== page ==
More than 150 years after its original publication, BARTLETT'S FAMILIAR QUOTATIONS has been completely revised and updated for its eighteenth edition. BARTLETT'S showcases a sweeping survey of world history, from the times of ancient Egyptians to present day. New authors include Warren Buffett, the Dalai Lama, Bill Gates, David Foster Wallace, Emily Post, Steve Jobs, Jimi Hendrix, Paul Krugman, Hunter S. Thompson, Jon Stewart, Elizabeth Kubler-Ross, Barack Obama, Che Guevara, Randy Pausch, Desmond Tutu, Julia Child, Fran Leibowitz, Harper Lee, Nassim Nicholas Taleb, Patti Smith, William F. Buckley, and Robert F. Kennedy. In the classic BARTLETT'S tradition, the book offers readers and scholars alike a vast, stunning representation of those words that have influenced and molded our language and culture.
This canonical reference work, originally published in 1855, soldiers on, seeking out memorable quotations in the midst of these dark ages of rhetoric. Since the last edition in 1992, the pickings have been slim; recent selections are weighted toward bon mots from pop cultural phenomena (Jerry Seinfeld, Larry Clark, J. K. Rowling), irritating catchphrases ("Show me the money!") and laughable attempts to evade rather than achieve clear expression ("It depends on what the meaning of the word 'is' is"). Fortunately there is still Bartlett's great trove of five millennia of timeless poetry, prose, oratory and epigrams, arranged chronologically and indexed by author and thematic keywords. Kingsley Amis, Mother Teresa and Katharine Graham all make their first appearance in this edition, while the entries for Edith Wharton, Bob Dylan and Vladimir Nabokov have been expanded. This volume should serve as both admonishment and inspiration to writers and toastmasters alike.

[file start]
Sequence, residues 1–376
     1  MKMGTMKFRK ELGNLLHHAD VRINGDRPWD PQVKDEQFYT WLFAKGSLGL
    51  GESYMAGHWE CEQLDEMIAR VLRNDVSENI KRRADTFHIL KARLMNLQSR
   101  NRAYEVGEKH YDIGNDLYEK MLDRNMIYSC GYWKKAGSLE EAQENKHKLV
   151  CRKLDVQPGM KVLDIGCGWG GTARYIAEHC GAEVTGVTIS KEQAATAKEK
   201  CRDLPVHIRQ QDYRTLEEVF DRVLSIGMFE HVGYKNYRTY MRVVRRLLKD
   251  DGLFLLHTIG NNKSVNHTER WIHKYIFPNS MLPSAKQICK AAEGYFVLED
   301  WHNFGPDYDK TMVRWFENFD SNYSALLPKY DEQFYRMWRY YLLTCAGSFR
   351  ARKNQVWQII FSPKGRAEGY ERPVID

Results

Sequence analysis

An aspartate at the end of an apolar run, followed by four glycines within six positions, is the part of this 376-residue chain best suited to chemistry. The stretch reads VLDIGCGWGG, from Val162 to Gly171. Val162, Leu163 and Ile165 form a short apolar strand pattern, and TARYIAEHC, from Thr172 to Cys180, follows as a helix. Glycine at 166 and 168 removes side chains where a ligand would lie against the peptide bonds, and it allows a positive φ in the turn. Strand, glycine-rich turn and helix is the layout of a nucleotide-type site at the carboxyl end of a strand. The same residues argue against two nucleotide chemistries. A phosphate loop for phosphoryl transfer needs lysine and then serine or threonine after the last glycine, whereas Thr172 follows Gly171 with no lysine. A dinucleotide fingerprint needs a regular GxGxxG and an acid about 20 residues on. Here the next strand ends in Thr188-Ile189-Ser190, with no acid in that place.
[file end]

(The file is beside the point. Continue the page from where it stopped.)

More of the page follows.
Customer ReviewsSee All
Sad, that Geoffrey O’Brien, the editor would not include as many quotes from conservative leaders as he did from liberal authors. It is disappointing that O’Brien could not be objective in his publishing of quotations for this wounderful book. It would have been an excellent book minus the political agenda, truly sad.